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And now, tomorrow’s Bartolo Colon commentary today!

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I have a sneaking suspicion that Bartolo Colon’s drug suspension coming a week after Melky Cabrera’s is gonna be like manna from hack commentator heaven. The story line — and it will be treated as one, seamless story line — is gonna break down thusly:

Angle: Here we go again! The Bay Area is once again the center of the PEDs universe!

Comment: It is true, Colon plays on one side of the San Francisco Bay and Melky plays on the other. It is also true that Jose Canseco played on one side of the San Francisco Bay and Barry Bonds played on the other. This is an accident of geography and nothing more.  I’ll allow this as a viable angle if any evidence is revealed connecting the old Bay Area drug cases and these new ones. But that’s extremely unlikely.

There is almost certainly no connection at all between the old BALCO things and these testosterone tests. There is likely even no connection between Colon’s test and Cabrera’s. As such, linking all of these things together, or even just linking Cabrera and Colon together in some sort of grand “the Bay Area and PEDs” kind of thinkpiece without any actual factual basis for doing so is pretty good evidence that someone is mailing in a column. It’s the equivalent of writing a story about a murder in New York and spending several paragraphs on the Son of Sam killings.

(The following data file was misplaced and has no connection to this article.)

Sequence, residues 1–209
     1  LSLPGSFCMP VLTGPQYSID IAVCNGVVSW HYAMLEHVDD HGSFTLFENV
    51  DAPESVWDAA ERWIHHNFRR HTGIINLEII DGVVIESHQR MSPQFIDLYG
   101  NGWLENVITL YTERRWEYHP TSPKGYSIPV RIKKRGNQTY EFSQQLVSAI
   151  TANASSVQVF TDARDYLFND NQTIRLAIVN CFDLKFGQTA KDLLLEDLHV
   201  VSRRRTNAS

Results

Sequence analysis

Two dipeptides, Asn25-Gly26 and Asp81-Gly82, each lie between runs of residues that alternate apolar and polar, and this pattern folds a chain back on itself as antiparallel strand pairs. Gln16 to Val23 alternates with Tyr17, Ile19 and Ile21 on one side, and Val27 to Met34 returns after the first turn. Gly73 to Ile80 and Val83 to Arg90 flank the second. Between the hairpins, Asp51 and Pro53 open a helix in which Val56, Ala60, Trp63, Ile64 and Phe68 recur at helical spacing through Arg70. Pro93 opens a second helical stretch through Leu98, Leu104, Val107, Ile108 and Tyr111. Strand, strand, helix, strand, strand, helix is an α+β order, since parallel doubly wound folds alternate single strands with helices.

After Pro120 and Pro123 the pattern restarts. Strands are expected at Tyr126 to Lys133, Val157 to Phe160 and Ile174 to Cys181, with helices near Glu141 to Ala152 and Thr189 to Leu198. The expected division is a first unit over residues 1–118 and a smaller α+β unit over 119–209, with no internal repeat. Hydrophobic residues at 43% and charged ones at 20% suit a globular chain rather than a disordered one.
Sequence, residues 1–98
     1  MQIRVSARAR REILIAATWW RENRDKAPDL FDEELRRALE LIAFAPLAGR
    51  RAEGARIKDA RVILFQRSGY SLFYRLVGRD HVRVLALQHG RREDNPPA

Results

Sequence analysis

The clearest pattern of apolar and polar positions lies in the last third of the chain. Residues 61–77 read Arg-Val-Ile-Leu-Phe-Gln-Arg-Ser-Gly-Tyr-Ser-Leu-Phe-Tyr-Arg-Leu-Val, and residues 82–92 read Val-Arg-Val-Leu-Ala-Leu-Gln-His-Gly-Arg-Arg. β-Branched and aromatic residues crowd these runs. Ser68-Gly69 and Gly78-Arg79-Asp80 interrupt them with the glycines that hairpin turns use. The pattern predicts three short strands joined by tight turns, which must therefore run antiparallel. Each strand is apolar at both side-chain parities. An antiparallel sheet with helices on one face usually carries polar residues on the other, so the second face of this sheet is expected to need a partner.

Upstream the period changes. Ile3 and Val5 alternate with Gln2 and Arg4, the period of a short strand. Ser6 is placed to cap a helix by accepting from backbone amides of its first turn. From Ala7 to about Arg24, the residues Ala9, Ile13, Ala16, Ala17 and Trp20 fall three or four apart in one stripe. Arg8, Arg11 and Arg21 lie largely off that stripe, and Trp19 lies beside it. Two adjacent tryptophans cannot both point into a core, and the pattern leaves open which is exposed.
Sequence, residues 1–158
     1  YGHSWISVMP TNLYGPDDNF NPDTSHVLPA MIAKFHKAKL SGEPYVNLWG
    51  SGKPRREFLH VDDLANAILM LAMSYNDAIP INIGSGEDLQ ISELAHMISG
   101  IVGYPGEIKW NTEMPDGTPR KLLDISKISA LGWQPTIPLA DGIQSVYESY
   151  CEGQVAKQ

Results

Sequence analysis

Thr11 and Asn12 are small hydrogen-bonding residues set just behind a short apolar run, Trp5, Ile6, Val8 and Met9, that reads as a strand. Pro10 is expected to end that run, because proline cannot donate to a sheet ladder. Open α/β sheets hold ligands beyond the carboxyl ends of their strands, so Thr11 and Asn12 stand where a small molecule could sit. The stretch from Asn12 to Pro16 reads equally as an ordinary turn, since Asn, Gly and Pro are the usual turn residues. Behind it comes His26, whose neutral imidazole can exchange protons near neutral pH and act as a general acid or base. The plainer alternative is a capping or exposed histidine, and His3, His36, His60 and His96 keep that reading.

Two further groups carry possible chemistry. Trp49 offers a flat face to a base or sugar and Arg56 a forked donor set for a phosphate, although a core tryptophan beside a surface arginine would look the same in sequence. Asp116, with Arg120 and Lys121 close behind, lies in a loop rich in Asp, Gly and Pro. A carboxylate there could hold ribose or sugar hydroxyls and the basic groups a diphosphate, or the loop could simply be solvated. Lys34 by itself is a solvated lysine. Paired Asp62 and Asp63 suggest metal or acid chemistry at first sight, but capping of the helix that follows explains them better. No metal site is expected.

Angle: Major League Baseball has a serious drug problem and has to do something now!

Comment: I bet Tom Verducci is kicking himself for writing this story yesterday instead of tomorrow, because it’s always way better to write a “the world is ending” trend piece when there is more than a single data point.  But now that there are two positive drug tests involving prominent players this year — sorry Freddy Galvis, Guillermo Mota and Marlon Byrd, you just don’t rate — we’re twice as far along into epidemic territory as we were yesterday.

That said, I still can’t see how the fact of a positive test and a player being penalized can serve as evidence that Major League Baseball’s drug testing program is flawed. Now, maybe it is flawed. Maybe the tests are done haphazardly and too seldomly. Maybe the whole thing is a farce. But the one thing that is not evidence of that is someone getting caught. No, to make the case that the system is broken, you have to actually explain what about it is broken. To do otherwise is the same as saying that the criminal justice system is broken because that guy who robbed the liquor store was caught and punished.

Angle: The Oakland A’s are sunk/The Oakland A’s are rallying

Comment: With all apologies to Mike Krukow, this line of thinking is post-hoc nonsense. It’s not going to help the A’s to have lost Colon, but in a world where people seem to think that even Stephen Strasburg is a non-essential part of a playoff team’s roster, I have a hard time buying Bartolo Colon’s absence as the tipping point. Especially now that they have Brett Anderson back to take his place.